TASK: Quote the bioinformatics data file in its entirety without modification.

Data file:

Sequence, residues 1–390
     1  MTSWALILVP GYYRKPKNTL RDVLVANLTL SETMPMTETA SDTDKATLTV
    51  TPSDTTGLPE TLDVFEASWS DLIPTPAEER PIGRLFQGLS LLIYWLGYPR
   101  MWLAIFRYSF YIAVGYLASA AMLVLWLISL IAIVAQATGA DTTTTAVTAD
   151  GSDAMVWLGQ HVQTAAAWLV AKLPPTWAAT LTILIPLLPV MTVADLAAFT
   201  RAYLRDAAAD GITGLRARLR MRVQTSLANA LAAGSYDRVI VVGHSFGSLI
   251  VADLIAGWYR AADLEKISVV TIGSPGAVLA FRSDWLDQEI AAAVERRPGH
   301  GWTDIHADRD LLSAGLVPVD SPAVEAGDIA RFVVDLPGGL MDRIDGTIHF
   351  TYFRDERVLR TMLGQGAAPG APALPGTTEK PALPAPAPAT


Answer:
Sequence, residues 1–390
     1  MTSWALILVP GYYRKPKNTL RDVLVANLTL SETMPMTETA SDTDKATLTV
    51  TPSDTTGLPE TLDVFEASWS DLIPTPAEER PIGRLFQGLS LLIYWLGYPR
   101  MWLAIFRYSF YIAVGYLASA AMLVLWLISL IAIVAQATGA DTTTTAVTAD
   151  GSDAMVWLGQ HVQTAAAWLV AKLPPTWAAT LTILIPLLPV MTVADLAAFT
   201  RAYLRDAAAD GITGLRARLR MRVQTSLANA LAAGSYDRVI VVGHSFGSLI
   251  VADLIAGWYR AADLEKISVV TIGSPGAVLA FRSDWLDQEI AAAVERRPGH
   301  GWTDIHADRD LLSAGLVPVD SPAVEAGDIA RFVVDLPGGL MDRIDGTIHF
   351  TYFRDERVLR TMLGQGAAPG APALPGTTEK PALPAPAPAT